How do you deal with unacceptable behavior?

Published by at 11:19 am under Common Concerns

Welcome to “First Steps to Al-Anon Recovery” from Al-Anon Family Groups. This is a series of podcasts to discuss some common concerns for people who have been affected by someone else’s drinking.

Pam, Anna, and Betty are with us today. All are active Al-Anon members who are willing to talk about how they deal with unacceptable behavior.

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252 comments on “How do you deal with unacceptable behavior?”

  1. emily says:

    My sponsor at Al-Anon gave me a great metaphor recently. Our son had shouted at his father, “You are an alcoholic.” I was mortified that he’d spoken to his dad like that, as it would lead to trouble and upset and I’m a great one for keeping the statuesque.

    My sponsor said, “When we live with a drinker, it’s as though we are visited every evening by a hippopotamus. It can be fun for a while. Then the hippo starts to be a nuisance. He breaks things and makes a horrible mess everywhere. He tramples on people we love and makes rude noises. Finally, after making everyone unhappy, he falls asleep.

    In the morning we see that the hippo has become a coffee table! A useful coffee table, which is quite handsome, and we keep it at the heart of our home. People say, “What a lovely coffee table,” and we polish it up and say, “Yes, it’s our lovely coffee table.”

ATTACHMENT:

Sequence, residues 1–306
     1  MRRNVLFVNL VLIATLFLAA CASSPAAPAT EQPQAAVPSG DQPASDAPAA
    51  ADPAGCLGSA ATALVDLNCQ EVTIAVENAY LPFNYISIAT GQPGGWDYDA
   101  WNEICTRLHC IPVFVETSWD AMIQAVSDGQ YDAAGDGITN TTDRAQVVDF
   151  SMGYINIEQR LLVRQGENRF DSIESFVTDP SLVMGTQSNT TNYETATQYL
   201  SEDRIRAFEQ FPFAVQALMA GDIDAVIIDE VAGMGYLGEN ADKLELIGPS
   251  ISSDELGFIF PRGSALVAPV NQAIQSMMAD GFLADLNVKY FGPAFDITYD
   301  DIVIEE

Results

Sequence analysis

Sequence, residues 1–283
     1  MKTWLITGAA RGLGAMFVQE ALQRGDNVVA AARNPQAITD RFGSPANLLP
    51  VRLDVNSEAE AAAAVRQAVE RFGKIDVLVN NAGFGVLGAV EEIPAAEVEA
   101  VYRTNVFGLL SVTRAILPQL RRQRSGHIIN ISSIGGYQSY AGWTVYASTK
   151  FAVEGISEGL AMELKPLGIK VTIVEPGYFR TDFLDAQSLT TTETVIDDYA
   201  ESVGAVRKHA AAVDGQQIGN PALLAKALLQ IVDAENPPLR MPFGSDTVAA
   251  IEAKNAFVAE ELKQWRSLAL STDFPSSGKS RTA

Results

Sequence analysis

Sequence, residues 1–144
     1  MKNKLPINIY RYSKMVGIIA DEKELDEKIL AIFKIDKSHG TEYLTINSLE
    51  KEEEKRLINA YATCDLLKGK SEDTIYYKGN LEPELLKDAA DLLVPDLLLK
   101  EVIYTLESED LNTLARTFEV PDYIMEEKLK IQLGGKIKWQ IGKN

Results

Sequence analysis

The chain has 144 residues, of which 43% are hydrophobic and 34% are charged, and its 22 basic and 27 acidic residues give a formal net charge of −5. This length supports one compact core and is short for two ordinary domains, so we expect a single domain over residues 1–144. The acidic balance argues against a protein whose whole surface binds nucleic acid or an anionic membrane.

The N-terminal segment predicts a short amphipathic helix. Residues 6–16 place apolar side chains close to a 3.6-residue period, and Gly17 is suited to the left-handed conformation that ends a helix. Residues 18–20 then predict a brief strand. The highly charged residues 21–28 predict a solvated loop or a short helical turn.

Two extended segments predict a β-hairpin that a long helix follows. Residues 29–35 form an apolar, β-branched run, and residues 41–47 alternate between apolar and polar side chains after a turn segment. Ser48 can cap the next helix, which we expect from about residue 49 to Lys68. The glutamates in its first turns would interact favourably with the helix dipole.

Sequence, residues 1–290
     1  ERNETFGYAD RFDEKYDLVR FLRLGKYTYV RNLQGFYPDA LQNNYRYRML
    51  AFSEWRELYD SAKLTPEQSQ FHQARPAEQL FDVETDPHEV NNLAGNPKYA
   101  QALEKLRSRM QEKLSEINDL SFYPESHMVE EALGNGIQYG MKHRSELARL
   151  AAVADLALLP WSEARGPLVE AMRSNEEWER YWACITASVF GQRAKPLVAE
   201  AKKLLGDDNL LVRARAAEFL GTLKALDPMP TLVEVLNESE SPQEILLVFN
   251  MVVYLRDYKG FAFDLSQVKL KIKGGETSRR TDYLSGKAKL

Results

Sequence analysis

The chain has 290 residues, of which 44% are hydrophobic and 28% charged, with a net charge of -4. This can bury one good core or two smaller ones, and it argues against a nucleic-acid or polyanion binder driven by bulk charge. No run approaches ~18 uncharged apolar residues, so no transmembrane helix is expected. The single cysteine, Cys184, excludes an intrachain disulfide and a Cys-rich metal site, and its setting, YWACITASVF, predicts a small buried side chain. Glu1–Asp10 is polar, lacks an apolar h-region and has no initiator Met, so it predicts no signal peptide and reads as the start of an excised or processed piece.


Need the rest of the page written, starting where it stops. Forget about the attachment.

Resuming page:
Your son is pointing out to everyone that this is no coffee table (no matter what his mother says). It is a hippopotamus!

  2. Jane says:

    So, I secretly married my fiancĂ©, now husband, a couple months ago. Our kids don’t know, just my mum and 2 friends. I thought it would help with his insecurities.

    He’s jealous, anyway, but when he drinks it’s horrendous and he becomes violent toward me.

    After an afternoon of drinking, with lunch and friends, we went into the pool bar at the hotel we were at, and a man with his wife began talking to us all, as did his wife. My fiancĂ© lost control. We got home separately, as he was going on to drink more, whereas I was ready for home. Yet, when I returned he had already got back to our place. The violence was horrendous and our place looked like a robbery had taken place and I called the police too. I didn’t press charges in the end, but I moved out. Two weeks later, a trip to the doctor’s and him being put on meds, and I returned. He didn’t drink for a couple of months, but then it’s started again and he said, “He can handle his drink.” After not seeing him for two weeks due to travel and work, we went out yesterday.
    He started again, questioning my loyalty, my love and adoration to him.

    After a nasty previous break-up and my ex taking my children, I have shown my love to him and my desire to be with him, but have explained that I don’t need him to survive — but I want him in my life always.

    The result of this was him grabbing me round the throat and almost breaking my back over a wall! He then took my purse, phone, and shoes and left me. As he walked off, I ran away and hid. Two hours later, he found me asleep on a concrete floor in our building’s car park. He was sorry, full of apologies, begging for forgiveness, promising to change.

    I do love him, but don’t know how much more I can take. If I go, I have lost everything — my kids and home to my ex, and now this! I don’t know why he won’t stop drinking and hurting me. It’s been three years.

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